As the number of posts here suggest, lots of us are watching the fast-moving and somewhat unexpected events in Ukraine with great concern and interest. Others have expertly discussed the reasons for Russian military intervention in Ukraine and how the international community might respond to it (here, here, here, and here). I’d like to contribute a different angle to this complex story by inquiring into Russian narratives for its military action in Ukraine.
When Vladimir Putin requested the Russian parliament’s approval for authorization to use the military in Ukraine, he claimed Russia needed to act because of “the threat to the lives of citizens of the Russian Federation, our compatriots, [and] the personnel of the military contingent… deployed in… Ukraine.” Putin also made this argument to President Obama during their March 1 phone conversation.
That Russia might be concerned about its security interests with the ouster of a supportive Ukrainian President Yanukovych isn’t difficult to grasp. Not only is Crimea important to Russia historically and for identity politics, but Russia’s only warm water naval base is in the Crimean city of Sevastopol. A pro-Europe government in Ukraine, turning away from Russia and controlling Crimea, can have negative impacts on these Russian interests. Concerns for these interests provide strong motivations for Russian intervention. Which is why the use of humanitarian arguments to also justify this intervention are puzzling. In addition to protecting its soldiers, Russia asked its Parliament to authorize military action in Ukraine to protect its citizens. However, at the time of the request, there were few stories in the Western media about attacks against ethnic Russians or Russian citizens in Crimea prior to the intervention. So why bother?
One obvious answer might be that the resort to humanitarian claims might provide legal cover for interest-driven intervention which violates international law. However, that argument is unsatisfactory for a number of reasons. First, the humanitarian argument is harder for Russia to make in this instance than in the case of its intervention in South Ossetia in 2008. As Stefes and George argue, Russian citizens had been attacked in South Ossetia prior to Russian military action there. Yet, as noted above, threats to Russians in Crimea had not yet materialized to the extent necessary to justify a rapid and internationally unsanctioned military intervention on their behalf. Second, the emerging norm of Responsibility to Protect (R2P) requires military force for humanitarian considerations to be used as a last resort. It would be difficult to argue that Russia exhausted diplomatic options prior to its use of force in Crimea. Third, international endorsement for the use of humanitarian force is preferable both for normative and interest based reasons. Prior to its conflict with Georgia, Russia arguably made its case to the UN Security Council about the need to protect Russians in South Ossetia to gain this approval. The desire to defray the costs of military action in Iraq is a reason some claim the United States pitched humanitarian concerns to the UN Security Council. However, as stated previously, Russia has not pitched its justification for intervention to an international audience but to a domestic and regional audience. Fourth, citing humanitarian concerns in Crimea opens Russia up to claims of hypocrisy for its obstruction of interventions in Syria and Libya, as the following cartoon depicts.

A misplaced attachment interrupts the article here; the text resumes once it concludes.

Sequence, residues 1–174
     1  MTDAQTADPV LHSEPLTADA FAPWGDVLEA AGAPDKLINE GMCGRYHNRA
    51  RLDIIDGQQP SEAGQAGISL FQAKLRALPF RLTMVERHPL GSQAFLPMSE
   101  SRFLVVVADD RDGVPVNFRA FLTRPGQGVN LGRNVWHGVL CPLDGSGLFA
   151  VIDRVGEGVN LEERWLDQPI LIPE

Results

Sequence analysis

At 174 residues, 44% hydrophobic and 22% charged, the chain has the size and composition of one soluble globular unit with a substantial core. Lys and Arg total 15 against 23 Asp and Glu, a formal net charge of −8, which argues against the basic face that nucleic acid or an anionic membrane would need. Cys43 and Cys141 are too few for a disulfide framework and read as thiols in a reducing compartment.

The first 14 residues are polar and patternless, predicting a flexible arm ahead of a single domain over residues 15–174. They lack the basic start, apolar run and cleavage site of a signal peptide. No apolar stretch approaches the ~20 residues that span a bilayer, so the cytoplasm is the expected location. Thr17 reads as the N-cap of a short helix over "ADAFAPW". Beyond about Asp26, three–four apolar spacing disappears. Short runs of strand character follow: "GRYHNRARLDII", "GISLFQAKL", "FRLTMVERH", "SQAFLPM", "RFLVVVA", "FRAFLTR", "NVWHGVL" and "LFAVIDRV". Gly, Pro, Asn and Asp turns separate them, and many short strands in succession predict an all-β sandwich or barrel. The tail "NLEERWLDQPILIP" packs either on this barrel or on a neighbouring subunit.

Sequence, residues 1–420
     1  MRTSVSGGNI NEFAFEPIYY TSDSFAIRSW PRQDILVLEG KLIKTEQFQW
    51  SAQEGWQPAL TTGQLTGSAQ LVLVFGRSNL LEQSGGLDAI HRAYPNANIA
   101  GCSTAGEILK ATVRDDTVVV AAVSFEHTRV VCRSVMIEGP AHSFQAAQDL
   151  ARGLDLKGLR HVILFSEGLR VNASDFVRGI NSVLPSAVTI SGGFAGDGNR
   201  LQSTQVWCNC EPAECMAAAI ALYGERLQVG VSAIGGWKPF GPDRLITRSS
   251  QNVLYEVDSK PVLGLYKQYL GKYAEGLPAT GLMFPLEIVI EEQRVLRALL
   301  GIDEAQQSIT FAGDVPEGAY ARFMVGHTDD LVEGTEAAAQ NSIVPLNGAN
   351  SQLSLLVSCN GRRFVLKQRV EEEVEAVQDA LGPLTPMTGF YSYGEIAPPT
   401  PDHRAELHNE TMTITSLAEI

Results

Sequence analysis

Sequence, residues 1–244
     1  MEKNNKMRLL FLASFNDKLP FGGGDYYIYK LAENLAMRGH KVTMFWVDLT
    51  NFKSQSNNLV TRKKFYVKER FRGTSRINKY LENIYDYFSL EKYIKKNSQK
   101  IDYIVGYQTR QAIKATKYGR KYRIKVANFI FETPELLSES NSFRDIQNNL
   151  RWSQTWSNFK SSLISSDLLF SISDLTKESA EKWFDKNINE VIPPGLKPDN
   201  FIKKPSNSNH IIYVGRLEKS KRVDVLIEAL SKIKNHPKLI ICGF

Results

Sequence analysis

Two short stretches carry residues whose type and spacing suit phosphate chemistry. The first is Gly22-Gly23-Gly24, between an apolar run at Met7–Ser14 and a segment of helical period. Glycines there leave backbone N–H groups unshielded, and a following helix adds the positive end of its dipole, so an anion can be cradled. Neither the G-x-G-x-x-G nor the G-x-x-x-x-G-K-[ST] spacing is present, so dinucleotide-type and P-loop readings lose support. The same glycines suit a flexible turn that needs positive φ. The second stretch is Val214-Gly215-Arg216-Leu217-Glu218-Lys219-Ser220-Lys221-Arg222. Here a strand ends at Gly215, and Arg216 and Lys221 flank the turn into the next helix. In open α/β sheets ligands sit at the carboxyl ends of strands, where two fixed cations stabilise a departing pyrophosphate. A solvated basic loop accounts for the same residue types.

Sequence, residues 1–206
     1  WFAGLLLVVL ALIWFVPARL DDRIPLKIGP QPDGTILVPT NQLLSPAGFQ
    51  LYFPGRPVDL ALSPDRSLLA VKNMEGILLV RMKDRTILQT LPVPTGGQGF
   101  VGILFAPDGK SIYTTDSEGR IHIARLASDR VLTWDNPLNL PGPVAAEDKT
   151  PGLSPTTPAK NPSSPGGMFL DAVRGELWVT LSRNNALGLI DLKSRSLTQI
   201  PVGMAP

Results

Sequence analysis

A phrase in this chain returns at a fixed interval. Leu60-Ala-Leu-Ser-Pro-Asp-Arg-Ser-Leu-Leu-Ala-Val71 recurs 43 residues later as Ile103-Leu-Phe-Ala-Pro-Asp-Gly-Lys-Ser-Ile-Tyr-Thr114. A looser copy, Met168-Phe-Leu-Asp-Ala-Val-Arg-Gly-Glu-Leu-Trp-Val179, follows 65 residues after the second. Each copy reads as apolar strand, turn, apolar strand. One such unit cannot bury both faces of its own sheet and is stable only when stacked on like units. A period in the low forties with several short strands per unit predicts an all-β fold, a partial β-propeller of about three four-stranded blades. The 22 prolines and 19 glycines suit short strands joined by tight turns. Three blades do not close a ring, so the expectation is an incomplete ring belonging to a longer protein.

So why make the argument? One reason may be that Russia utilized these arguments to present an alternative justification for humanitarian action. In other words, Russia may be attempting to influence the still yet-to-be defined parameters of the emerging norm of R2P. As Chris Borgen argues about Russian rhetoric surrounding the Georgian conflict:
In the case of South Ossetia, Russia found a set of legal concepts different in application from how most states would have interpreted international law, resonated with the views of a regional audience that Russia was targeting. Thus, the primary way that Russia may be changing international law is not, at first, by convincing states of a different interpretation, but rather by providing voice to an interpretation that resonates with norms already accepted by a certain grouping of states. What Russia has really done is organize and rationalize a legal argument around existing norms that have been against the prevalent rules of international law and, possibly, started its own interpretive community that will legitimize its actions and, in certain aspects, allow it greater leeway.
Russian vetoes to intervention in Syria demonstrate a resistance to a version of R2P endorsed by the United States and its allies and strong support for the more established norm of nonintervention. However, it is clearly does not find the norm of nonintervention absolute, as illustrated by the Georgian and Ukrainian cases. The humanitarian arguments Russia put forth for intervention in Ukraine may be targeted to domestic and regional audiences that also resist more dominant ideas of humanitarian intervention. Russian ideas on humanitarian intervention may be more limited, based on the anticipatory humanitarian interests of a state’s own citizens, occurring in the intervener’s backyard, and where sovereign rights are somewhat ambiguous. In this way, rather than suppressing the norm of humanitarian intervention, Russia may be trying to shape it to reflect its normative preferences. In its effort to reposition itself in the global arena, Russia may be drawing not just on its material capacities but also on its abilities to shape the global normative structure.